At the feast, Lucius Tiberius Fortunatus, a wealthy Gallo-Roman merchant, approaches Bedwyr to ask about trade with Ceint, but Bedwyr is depressed from the mutiny earlier and tells him he does not have the country under control. Meanwhile, Caius continues his earlier argument with Aurelianus, which escalates into a duel. Caius wins the duel, hitting Aurelianus on the head with the butt of his sword instead of killing him. Caius congratulates Aurelianus on fighting for his brother’s honor and offers him a drink. They bond over wine and talk about the trouble their brothers get them into. Bishop Remigius, Clovis’s confidante, speaks with Peredur and makes it clear that he thinks Palagianism is a revolting heresy primarily because it challenges class distinctions. A little later, Bedwyr approaches Clovis to ask his advice, king to king, on how best to lead Frankish subjects. Clovis tells him to “keep only your own nobility.” He also gives the impression of caring little about Christianity, having been pressured into it by his wife, Clothilde, and the bishop Remigius.
The next day, talks begin in earnest. Clovis declares that he wants to take Armorica from Marcus Cunomorus. The knights are stunned by this, and can’t possibly accept. Cunomorus is a major supporter of Arthur, and Dumnonia is the source of most of Britain’s wealth and trade. Caius asks a lot of questions to stall for time. When the day’s talks end, he, Bedwyr, and Peredur try to figure out a counter-offer before tomorrow. They put together that Clovis’s main concern is the Visigoths to the south, and his interest in Armorica is preparatory for that fight. If they can offer a trade relationship with Clovis, perhaps they can provide material support for his war in the south without giving up any territory.
However, when they arrive for the next day’s talks, Clovis and Clothilde are gone, and their representatives are dressed in black. They are informed that Clovis’s sister, Alboflæd, has died. Peredur goes with Fortunatus to buy mourning clothes for the diplomats. Caius suspects that, mere months after Clovis’s conversion, his sister’s death is no coincidence. He brings these suspicions up with Aurelianus, who instantly agrees and adds that he suspects Lienhard, the king’s warden. Caius and Bedwyr speak to Lienhard at the funeral, trying to suss out his real feelings about Christianity and Clovis’s family, but Lienhard seems to have genuinely loved Alboflæd, and Peredur sees no evidence of foul play on her body. Aurelianus is still paranoid, but Caius manages to talk him down.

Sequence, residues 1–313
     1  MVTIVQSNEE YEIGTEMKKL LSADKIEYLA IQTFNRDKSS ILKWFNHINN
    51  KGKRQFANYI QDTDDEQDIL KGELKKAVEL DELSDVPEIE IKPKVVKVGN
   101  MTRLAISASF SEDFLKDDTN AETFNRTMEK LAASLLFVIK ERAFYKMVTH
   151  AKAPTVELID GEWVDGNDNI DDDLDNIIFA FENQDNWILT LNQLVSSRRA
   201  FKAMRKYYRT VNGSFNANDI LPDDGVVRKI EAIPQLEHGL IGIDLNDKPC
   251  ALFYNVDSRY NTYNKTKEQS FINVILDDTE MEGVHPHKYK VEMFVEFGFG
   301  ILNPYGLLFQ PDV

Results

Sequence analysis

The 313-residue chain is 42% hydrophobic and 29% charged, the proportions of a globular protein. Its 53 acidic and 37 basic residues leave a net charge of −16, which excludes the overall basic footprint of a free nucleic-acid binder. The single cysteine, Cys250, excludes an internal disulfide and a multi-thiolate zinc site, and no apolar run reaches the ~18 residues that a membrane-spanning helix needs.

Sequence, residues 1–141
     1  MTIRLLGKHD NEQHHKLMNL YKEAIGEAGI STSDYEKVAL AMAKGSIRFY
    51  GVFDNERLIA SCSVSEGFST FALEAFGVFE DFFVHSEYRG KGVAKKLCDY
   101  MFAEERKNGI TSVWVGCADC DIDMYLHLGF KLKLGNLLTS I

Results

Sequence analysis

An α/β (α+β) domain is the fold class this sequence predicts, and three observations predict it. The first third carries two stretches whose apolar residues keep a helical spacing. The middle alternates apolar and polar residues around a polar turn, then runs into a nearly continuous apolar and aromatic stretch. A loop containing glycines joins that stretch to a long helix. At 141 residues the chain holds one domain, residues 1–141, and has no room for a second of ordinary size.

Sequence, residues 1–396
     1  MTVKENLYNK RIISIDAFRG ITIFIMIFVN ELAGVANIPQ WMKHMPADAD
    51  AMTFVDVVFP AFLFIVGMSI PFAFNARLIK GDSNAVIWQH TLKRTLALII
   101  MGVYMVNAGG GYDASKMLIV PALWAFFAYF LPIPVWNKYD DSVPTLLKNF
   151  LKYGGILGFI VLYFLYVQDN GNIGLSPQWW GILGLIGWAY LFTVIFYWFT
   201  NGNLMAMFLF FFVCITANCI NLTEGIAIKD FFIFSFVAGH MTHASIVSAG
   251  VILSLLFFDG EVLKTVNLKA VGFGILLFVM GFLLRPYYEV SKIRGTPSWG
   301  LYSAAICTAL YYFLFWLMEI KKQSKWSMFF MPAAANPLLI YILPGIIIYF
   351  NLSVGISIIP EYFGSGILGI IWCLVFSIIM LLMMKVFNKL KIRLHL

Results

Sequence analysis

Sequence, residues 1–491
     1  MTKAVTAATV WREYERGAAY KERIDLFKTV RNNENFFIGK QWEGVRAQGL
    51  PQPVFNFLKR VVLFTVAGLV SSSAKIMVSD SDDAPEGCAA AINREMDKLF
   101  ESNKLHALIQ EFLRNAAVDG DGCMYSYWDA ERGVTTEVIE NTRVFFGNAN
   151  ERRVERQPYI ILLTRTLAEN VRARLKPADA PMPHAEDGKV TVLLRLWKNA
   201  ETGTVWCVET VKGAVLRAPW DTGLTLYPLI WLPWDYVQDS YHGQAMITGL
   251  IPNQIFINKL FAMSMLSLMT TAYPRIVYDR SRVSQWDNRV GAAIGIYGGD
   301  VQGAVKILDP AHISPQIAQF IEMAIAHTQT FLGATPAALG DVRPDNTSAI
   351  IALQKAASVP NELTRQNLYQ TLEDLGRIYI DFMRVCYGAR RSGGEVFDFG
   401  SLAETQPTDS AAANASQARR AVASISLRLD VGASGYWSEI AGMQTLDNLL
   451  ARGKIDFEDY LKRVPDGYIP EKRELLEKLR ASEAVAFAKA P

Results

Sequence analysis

After the funeral, when talks resume, Caius suggests that conquering Armorica would cause resentment among the Britons living there, which would just create a new front for Clovis to worry about. He suggests material support for Clovis’s army instead, and though Remigius complains, Clovis agrees. Caius asks for Clovis’s vocal support for Arthur, explaining that it would help Arthur’s standing with the church. Clovis is confused: is Arthur not a Christian? Caius and Bedwyr try to dance around Arthur’s Palagianism, but Remigius immediately recognizes what’s going on and is outraged. Clovis, however, cares little for doctrinal disputes. He sees Britain and Francia in similar positions, trying to find a new way that balances Roman and other traditions, and declares that he stands by his brother Arthur.
Peredur convinces Fortunatus that Bedwyr was just pessimistic when he said he didn’t have his country under control. Fortunatus insists on returning to Britain with the knights to see the situation for himself, but also reveals his ugly feelings about “Goths, baucaudae, and other barbarians.” They arrive back in Dubris to find things under control and the Jutish peasants unharmed. Bedwyr holds a feast for Fortunatus and issues a proclamation declaring friendship between the Britons and the Franks, denouncing the recent, slanderous rumors, and underscoring his commitment to the well-being of all his people — Franks, Jutes, and Cantiaci alike. That smooths things over with the Franks, and Fortunatus is impressed enough to set up the trade route. Peredur takes revenge on Fortunatus subtly, by slandering the wares he intends to ship to Britain, and hopefully ruining his business.